[BLOG]: Use and abuse of opioids: FDA responds

June 3, 2015

In this blog post, David Calabrese RPh, MHP and Andrea Marks, MS discuss Catamaran's research on opioid abuse. Catamaran is concerned about opioid misuse and is moving forward with plans to combat opioid abuse.

Calabrese

It is estimated that over 2.1 million people in the United States suffer from substance abuse related to prescription opioid pain relievers, and the number of unintentional overdose deaths from prescription pain relievers has more than quadrupled in the US since 1999.1 Among drug overdose deaths, approximately 37% are reported to involve prescription opioids.2 In an effort to further control the growing epidemic of opioid abuse and risks of drug overdose, the Drug Enforcement Administration (DEA) mandated significant changes in the classification of specific prescription pain medications in 2014. These changes included the redesignation of tramadol ER (August 2014) from an uncontrolled agent to a schedule IV controlled drug requiring greater oversight and hydrocodone (October 2014) from a schedule III substance to a schedule II substance requiring prescribers to write a new prescription every 30 days and blocking authorization of automated refills.3

Related:FDA: Final guidance on evaluation, labeling of abuse-deterrent opioids

Marks

In 2014, prescription pain medications accounted for about $0.03 of every dollar of pharmacy spent based on Catamaran statistics. Although the costs within the opioid category are fairly well managed through active promotion of generic options, Catamaran’s clinical team remained concerned regarding misuse and abuse of narcotic agents. The team examined trend data reflective of August through December 2014 as well as data on market share shifts from the first quarter of 2015. With the DEA’s mandated changes, the organization was interested in determining whether these changes would in fact curb the use of prescription narcotic medications, specifically the newly designated schedule II drug, hydrocodone-containing products. Additionally, we wanted to determine whether such changes might simply drive a shift in utilization to other short- or long-acting narcotic pain medications.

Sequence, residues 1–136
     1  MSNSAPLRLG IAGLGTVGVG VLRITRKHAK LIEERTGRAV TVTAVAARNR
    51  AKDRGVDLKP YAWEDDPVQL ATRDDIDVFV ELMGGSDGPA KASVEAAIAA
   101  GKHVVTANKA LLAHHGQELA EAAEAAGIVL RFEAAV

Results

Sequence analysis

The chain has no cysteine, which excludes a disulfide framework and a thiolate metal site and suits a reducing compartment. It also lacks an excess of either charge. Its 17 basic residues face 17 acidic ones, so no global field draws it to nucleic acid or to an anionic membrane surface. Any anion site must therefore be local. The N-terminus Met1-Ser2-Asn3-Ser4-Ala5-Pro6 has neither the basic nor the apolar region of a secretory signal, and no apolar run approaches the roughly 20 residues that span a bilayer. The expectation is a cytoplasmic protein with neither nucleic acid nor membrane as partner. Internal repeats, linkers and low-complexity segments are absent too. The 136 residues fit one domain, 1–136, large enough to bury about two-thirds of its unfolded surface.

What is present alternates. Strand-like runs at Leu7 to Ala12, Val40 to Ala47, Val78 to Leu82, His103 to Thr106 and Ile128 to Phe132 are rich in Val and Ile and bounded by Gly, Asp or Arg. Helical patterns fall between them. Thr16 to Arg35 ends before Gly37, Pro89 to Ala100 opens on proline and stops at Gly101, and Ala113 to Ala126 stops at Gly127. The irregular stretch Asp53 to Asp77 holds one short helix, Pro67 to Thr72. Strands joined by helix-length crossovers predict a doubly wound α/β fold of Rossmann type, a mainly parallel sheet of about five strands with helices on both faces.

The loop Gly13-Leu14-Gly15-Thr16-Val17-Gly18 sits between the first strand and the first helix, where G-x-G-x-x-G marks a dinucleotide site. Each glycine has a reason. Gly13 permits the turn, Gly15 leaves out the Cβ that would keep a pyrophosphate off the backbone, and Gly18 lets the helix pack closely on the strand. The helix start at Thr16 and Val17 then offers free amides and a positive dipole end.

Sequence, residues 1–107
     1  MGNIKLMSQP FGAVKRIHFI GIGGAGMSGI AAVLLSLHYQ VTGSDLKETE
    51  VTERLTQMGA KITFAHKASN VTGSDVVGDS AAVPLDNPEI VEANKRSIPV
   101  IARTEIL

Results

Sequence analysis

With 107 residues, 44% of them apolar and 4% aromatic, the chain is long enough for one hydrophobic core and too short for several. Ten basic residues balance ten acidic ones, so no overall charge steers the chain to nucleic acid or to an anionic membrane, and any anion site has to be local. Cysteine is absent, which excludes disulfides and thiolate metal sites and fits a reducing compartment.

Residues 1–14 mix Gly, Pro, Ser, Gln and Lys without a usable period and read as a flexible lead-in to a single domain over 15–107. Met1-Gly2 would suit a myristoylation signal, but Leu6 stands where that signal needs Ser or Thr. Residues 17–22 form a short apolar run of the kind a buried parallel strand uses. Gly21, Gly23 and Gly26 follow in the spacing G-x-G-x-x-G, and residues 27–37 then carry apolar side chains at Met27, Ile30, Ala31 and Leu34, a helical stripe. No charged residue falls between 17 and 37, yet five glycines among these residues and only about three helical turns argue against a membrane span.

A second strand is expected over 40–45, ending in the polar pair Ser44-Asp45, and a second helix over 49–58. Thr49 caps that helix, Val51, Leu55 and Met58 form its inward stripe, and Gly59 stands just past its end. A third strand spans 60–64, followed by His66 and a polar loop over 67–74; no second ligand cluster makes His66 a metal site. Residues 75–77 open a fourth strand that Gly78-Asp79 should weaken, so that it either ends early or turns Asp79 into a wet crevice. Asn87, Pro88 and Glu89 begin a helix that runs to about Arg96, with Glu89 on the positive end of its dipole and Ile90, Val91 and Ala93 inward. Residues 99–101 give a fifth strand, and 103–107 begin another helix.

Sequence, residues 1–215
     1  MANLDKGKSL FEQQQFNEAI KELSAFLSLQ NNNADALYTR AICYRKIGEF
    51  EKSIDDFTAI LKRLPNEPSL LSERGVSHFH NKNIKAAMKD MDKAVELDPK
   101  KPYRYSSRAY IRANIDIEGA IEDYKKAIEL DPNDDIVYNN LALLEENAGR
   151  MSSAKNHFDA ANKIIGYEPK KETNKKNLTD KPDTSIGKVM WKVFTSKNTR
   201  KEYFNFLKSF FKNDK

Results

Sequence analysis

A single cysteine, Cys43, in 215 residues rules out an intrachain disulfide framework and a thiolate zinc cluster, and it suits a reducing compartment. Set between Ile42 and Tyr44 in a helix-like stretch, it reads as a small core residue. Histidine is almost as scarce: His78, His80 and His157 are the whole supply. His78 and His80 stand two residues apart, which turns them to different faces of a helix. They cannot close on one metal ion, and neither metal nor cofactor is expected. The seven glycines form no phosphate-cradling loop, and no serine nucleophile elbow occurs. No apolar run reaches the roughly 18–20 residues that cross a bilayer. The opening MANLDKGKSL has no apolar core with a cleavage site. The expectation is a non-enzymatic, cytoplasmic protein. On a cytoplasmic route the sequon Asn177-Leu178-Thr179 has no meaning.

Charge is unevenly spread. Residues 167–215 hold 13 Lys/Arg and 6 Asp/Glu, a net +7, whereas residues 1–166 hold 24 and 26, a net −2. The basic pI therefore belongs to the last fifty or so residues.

Related: PCORI awards prision system $2M to study naltrexone benefit in opioid abuse

 

NEXT: Catamaran's findings show mandates have some, but not substantial, effect

 

What was found is that these mandates do appear to be having some effect, but initially not of a substantial nature. Catamaran’s findings showed a modest shift away from hydrocodone-containing products (~5.7% decrease in overall claim volume) to other narcotic agents that remained in the less-restrictive schedule III class, like acetaminophen/codeine. This was seen as a positive trend from a safety perspective, as these other agents are considered to have less potential for abuse. Those remaining on hydrocodone experienced an increase in the number of pills per prescription dispensed, at an average increase of 4 pills per script to compensate for the new limit of no refills. Although the overall percent of schedule II drugs, inclusive of hydrocodone, decreased by over 3%, there was a 1.5% increase in the use of oxycodone/APAP (acetaminophen) and oxycodone hydrochloride products, which are considered to be at least as, if not more, addictive than hydrocodone.

Related:Higher opioid doses link to increases in depression: Study

Our findings suggest that new attempts at controls on these narcotic medications are having a positive effect. It is clear, however, that even more aggressive monitoring and management through support of a pharmacy benefit manager can add further value in managing safety and costs. Implementing fraud, waste, and abuse programs and additional quantity limits and high-dollar prior authorization edits for prescription pain medications, coupled with aggressive education and intervention campaigns, can further control the risk of abuse and overdose while still ensuring that those who need pain management support are able to get the relief they need. On March 26, 2015, the US Health and Human Services Secretary, Sylvia Burwell, announced an initiative that targets the reduction of prescription opioid and heroin-related overdose, death, and dependence through additional legislation, data sharing, and funds to support aggressive prevention efforts in various states.4 The pursuit to drive further controls continues.

Mr Calabrese is vice president and chief pharmacy officer at Catamaran. Ms Marks is vice president and chief analytics officer at Catamaran.

References

National Institute on Drug Abuse. Prescription and over-the-counter medications. http://www.drugabuse.gov/publications/drugfacts/prescription-over-counter-medications. Accessed June 2, 2015.

Jones CM, Mack KA, Paulozzi LJ. Pharmaceutical overdose deaths, United States, 2010. JAMA. 2013;309(7):657–659.

ProHealth. New restrictions on painkillers: tramadol and hydrocodone.  http://www.prohealth.com/library/showarticle.cfm?libid=19264. Accessed June 2, 2015.

National Institute on Drug Abuse. HHS announces actions to attack the opioid abuse crisis. http://www.drugabuse.gov/about-nida/noras-blog/2015/03/hhs-announces-actions-to-attack-opioid-abuse-crisis. Accessed June 2, 2015.